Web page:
Governor John Hickenlooper will be leaving office in January and I want to express my personal thanks to him for the close working relationship he and I have enjoyed over the years. Governor Hickenlooper has been mindful of Colorado Springs interests and among many other things was instrumental in having the National Cybersecurity Center locate in Colorado Springs and ensuring it had funding to get off the ground. Term limited State Senator Kent Lambert also deserves kudos for his unwavering support of the NCC.
While so much of our news in Colorado Springs has been positive, we continue to address ongoing challenges. Those of you who have heard my State of the City speeches over the last 2 years know that I’ve been critical of our State government for failing to move forward on important issues such as the expansion of I-25 from Monument to Castle Rock and much needed public pension reform. So it’s very appropriate today that I commend the Governor and the General Assembly and the Colorado Department of Transportation for finding a way to make the I -25 expansion happen much sooner than initially projected. In fact, we broke ground on the project three weeks ago. And thanks are due also to our El Paso County Commissioners and our local voters for their help in making it happen.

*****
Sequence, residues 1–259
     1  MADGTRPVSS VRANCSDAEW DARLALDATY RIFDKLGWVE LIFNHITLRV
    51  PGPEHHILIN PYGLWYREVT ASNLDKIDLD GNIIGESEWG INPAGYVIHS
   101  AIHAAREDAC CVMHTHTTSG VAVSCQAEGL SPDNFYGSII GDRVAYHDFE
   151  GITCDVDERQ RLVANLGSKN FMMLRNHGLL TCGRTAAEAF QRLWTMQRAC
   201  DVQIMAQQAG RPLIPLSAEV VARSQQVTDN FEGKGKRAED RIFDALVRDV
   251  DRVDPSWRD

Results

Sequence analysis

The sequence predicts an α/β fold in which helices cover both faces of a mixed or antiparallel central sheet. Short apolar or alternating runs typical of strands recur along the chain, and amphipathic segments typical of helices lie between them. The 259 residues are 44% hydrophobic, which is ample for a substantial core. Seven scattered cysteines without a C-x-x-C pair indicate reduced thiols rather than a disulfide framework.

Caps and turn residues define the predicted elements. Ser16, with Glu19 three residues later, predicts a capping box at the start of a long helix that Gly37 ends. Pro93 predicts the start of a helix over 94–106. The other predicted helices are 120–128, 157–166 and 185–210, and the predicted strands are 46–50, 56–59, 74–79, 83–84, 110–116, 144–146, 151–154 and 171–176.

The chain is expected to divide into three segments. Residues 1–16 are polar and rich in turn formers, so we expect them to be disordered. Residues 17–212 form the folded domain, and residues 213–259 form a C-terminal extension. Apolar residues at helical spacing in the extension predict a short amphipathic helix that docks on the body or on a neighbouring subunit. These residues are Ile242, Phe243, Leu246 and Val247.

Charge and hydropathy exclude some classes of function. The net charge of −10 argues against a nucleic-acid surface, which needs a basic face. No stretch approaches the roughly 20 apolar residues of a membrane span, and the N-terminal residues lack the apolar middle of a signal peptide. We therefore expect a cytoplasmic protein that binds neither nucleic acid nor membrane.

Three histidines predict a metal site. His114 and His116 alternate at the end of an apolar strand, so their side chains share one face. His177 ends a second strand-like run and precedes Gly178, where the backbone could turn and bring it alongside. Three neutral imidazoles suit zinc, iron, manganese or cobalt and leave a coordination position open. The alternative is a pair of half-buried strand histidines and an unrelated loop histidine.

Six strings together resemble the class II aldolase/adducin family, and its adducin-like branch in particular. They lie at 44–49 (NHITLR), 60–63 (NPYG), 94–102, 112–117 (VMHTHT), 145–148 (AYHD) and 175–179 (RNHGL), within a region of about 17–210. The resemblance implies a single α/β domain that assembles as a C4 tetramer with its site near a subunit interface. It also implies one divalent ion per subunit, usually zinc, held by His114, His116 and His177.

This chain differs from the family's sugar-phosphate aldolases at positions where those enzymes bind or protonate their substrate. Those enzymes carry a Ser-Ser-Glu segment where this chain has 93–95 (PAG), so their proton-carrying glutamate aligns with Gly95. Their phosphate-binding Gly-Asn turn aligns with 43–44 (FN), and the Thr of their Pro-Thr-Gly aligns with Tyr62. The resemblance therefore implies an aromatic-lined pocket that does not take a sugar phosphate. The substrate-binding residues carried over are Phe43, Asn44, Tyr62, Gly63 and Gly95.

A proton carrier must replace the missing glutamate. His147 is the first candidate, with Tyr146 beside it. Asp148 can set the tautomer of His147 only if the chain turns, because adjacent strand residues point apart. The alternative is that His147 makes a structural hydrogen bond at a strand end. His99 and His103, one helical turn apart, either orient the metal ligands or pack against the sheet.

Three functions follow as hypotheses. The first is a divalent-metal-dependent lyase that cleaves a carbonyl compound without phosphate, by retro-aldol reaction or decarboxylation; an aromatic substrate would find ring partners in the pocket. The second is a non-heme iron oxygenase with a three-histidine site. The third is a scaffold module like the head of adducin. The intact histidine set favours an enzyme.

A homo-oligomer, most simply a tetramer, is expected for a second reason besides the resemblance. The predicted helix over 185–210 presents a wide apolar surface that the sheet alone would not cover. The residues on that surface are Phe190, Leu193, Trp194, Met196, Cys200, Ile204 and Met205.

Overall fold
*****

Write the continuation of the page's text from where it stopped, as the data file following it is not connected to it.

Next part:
The Governor and Legislature also made considerable progress this year on pension reform. My hope is that they’ll closely monitor the impact of this year’s changes and take whatever future steps are necessary to protect the fiscal integrity of the pension funds and the interests of Colorado taxpayers.